The University of Southampton
University of Southampton Institutional Repository

G385 RATNO–Reducing Antibiotic Tolerance using Nitric Oxide in Cystic Fibrosis: report of a proof of concept clinical trial

G385 RATNO–Reducing Antibiotic Tolerance using Nitric Oxide in Cystic Fibrosis: report of a proof of concept clinical trial
G385 RATNO–Reducing Antibiotic Tolerance using Nitric Oxide in Cystic Fibrosis: report of a proof of concept clinical trial
Aims: to investigate whether low dose Nitric Oxide (NO) enhances antibiotic therapy through disruption of Pseudomonas aeruginosa (PA) bacteria in biofilms in patients with Cystic Fibrosis (CF).BackgroundBacterial biofilms present a major challenge due to their antimicrobial tolerance. In CF, chronic PA infection cannot be eradicated with conventional antibiotics, leading to increased hospitalisation, intravenous (IV) antibiotic use, more rapid decline in lung function and reduced survival.PA biofilms are dispersed in ex vivo samples by nanomolar, non-toxic concentrations of NO. Biofilm dispersal is signalled by NO via cyclic-di-GMP leading to increased susceptibility of PA to tobramycin and ceftazidime.

Method: we carried out a participant blind, placebo controlled, randomised trial to investigate whether low dose NO enhances antibiotic therapy through disruption of PA bacteria in biofilms in patients with CF (EudraCT 2010–023529–39). 12 patients received 7 days of NO gas or placebo (air) via nasal cannula for 8 h alongside standard IV antibiotics during a pulmonary exacerbation. Primary outcome was microbiological quantification of PA measured using Fluorescent In Situ Hybridisation (FISH), Quantitative-Polymerase Chain Reaction (Q-PCR) and Colony Forming Units (CFUs). Clinical parameters including lung function and quality of life were secondary outcome measures to monitor safety.
Result: generalised estimating equation analyses of FISH data demonstrated significant reduction in PA biofilm from day 0 to 7 [mean Ln difference between groups 3.49 (95% CI: 0.32, 6.67; p = 0.031) for > 20 bacterial cell aggregates and 4.47 (95% CI: 0.04, 8.98; p = 0.052) for biofilm volume]. CFU and Q-PCR analyses were also consistent with the primary hypothesis (data not shown). The treatment group showed some benefit in FEV1 and FVC during the period of treatment. Mean percentage predicted FEV1 increased by 15.6% (95% CI –5.76–36.96) in the treatment group, compared to 6.67% (95% CI: 1.99–11.3) for placebo. Mean percentage predicted FVC increased by 16% (95% CI –8.94–40.942) in the treatment group and 4.8% (95% CI –2.24–11.90) in the placebo group.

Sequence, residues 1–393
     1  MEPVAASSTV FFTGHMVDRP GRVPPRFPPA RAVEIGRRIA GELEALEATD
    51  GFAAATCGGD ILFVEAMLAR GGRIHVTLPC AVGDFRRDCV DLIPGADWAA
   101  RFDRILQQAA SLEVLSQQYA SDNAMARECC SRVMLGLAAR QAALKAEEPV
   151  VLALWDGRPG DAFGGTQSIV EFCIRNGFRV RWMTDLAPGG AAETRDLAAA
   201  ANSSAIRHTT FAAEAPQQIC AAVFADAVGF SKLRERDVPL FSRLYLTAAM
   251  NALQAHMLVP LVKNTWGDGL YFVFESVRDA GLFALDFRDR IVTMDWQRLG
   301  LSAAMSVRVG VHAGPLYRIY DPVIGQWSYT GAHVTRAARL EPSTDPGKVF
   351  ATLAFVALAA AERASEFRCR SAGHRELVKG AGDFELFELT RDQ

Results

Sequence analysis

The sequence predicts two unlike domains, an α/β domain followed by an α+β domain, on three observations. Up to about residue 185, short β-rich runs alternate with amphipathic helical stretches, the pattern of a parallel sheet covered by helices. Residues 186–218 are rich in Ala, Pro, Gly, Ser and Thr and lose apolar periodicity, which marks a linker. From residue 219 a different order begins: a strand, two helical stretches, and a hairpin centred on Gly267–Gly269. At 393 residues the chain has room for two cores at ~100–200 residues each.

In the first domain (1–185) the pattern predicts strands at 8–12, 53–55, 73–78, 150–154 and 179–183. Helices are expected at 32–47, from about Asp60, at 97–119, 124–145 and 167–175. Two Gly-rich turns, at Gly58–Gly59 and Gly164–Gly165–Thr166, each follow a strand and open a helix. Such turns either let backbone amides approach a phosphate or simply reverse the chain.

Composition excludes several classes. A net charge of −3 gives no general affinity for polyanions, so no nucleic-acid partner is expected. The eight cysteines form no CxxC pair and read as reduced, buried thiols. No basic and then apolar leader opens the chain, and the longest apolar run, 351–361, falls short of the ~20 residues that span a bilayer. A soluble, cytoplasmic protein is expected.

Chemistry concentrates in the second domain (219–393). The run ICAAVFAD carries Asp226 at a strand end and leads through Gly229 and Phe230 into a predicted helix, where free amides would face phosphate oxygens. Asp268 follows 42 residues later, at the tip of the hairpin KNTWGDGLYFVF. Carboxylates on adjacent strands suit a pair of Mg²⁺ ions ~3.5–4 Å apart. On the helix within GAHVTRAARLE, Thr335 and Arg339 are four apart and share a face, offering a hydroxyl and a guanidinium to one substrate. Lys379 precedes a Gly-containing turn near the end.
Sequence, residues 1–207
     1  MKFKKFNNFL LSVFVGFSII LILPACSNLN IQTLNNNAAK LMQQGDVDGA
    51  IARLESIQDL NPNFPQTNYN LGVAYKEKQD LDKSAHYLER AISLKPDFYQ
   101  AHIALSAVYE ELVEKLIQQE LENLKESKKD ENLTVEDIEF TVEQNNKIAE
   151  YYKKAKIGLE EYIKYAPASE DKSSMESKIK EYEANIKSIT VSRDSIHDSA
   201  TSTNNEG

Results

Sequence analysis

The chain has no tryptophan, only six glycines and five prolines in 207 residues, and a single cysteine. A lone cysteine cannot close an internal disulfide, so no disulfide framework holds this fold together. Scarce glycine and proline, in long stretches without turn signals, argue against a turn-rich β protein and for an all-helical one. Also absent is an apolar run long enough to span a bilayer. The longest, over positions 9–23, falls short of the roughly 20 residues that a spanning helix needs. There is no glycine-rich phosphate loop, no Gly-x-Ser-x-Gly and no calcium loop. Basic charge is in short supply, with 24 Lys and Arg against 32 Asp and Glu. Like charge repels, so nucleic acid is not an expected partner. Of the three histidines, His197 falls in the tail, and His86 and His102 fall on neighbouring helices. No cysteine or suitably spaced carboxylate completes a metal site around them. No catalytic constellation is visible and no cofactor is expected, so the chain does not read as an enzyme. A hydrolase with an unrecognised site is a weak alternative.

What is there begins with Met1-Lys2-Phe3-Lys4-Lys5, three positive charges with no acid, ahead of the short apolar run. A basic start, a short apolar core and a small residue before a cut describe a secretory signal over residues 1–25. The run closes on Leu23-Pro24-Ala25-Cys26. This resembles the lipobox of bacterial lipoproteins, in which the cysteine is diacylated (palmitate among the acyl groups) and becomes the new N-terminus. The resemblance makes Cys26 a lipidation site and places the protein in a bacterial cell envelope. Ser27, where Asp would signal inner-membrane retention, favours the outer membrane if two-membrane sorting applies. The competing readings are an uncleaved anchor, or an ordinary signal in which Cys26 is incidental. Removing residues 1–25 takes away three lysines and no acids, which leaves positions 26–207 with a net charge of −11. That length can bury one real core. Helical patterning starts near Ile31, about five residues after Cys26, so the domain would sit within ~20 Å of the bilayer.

Conclusion: these data show preliminary evidence of benefit using low dose NO as adjunctive therapy with ceftazidime and tobramycin during a 7 day treatment period. Novel targeted NO-donor antimicrobial therapies are being investigated that may enable long term biofilm control and the reduction of PA-related morbidity.
0003-9888
Webb, Jeremy
ec0a5c4e-86cc-4ae9-b390-7298f5d65f8d
Cathie, K.
0aefad71-334f-4938-b896-3572147555ef
Howlin, Robert
f3c84990-6196-47d4-ad8a-80954ea46c7f
Carroll, M.
03b8cfe1-8070-432c-9a7d-c7c7811a94b9
Connett, Gary
55d5676c-90d8-46bf-a508-62eded276516
Cornelius, V.
4b800ab8-820b-4681-ae6f-f52ef8852350
Daniels, T.
f52926d7-b757-4f37-9266-dc5ded38429b
Duignan, Ciara
06c12eb5-d705-4b56-acac-9c7ad80337d3
Hall Stoodley, L.
664c12bf-9dbf-49e9-9f05-d57d6f190481
Jefferies, J.
2d2de9a5-c181-4a86-8166-85cd86acfae9
Kelso, Michael J.
6afd2b75-c893-44cf-8b86-93e89e21f894
Kjelleberg, Staffan
043b66b5-130c-42f2-99b3-ec3eecf3248e
Legg, J.
d448a24c-1dca-40d8-a031-6a04a9a22b1b
Pink, S.
d08a73a0-e7e7-4103-8ee5-e7e001cd5c51
Rogers, G.
fabda4cb-636a-4441-bcf7-050203c4bd3f
Salib, R.
962f24b6-1828-47e7-9827-4a627c63b18b
Stoodley, Paul
08614665-92a9-4466-806e-20c6daeb483f
Sukhtankar, P.
ec2c0290-1c31-4c8e-bf70-9bc1187e16ee
Faust, Saul
f97df780-9f9b-418e-b349-7adf63e150c1
Webb, Jeremy
ec0a5c4e-86cc-4ae9-b390-7298f5d65f8d
Cathie, K.
0aefad71-334f-4938-b896-3572147555ef
Howlin, Robert
f3c84990-6196-47d4-ad8a-80954ea46c7f
Carroll, M.
03b8cfe1-8070-432c-9a7d-c7c7811a94b9
Connett, Gary
55d5676c-90d8-46bf-a508-62eded276516
Cornelius, V.
4b800ab8-820b-4681-ae6f-f52ef8852350
Daniels, T.
f52926d7-b757-4f37-9266-dc5ded38429b
Duignan, Ciara
06c12eb5-d705-4b56-acac-9c7ad80337d3
Hall Stoodley, L.
664c12bf-9dbf-49e9-9f05-d57d6f190481
Jefferies, J.
2d2de9a5-c181-4a86-8166-85cd86acfae9
Kelso, Michael J.
6afd2b75-c893-44cf-8b86-93e89e21f894
Kjelleberg, Staffan
043b66b5-130c-42f2-99b3-ec3eecf3248e
Legg, J.
d448a24c-1dca-40d8-a031-6a04a9a22b1b
Pink, S.
d08a73a0-e7e7-4103-8ee5-e7e001cd5c51
Rogers, G.
fabda4cb-636a-4441-bcf7-050203c4bd3f
Salib, R.
962f24b6-1828-47e7-9827-4a627c63b18b
Stoodley, Paul
08614665-92a9-4466-806e-20c6daeb483f
Sukhtankar, P.
ec2c0290-1c31-4c8e-bf70-9bc1187e16ee
Faust, Saul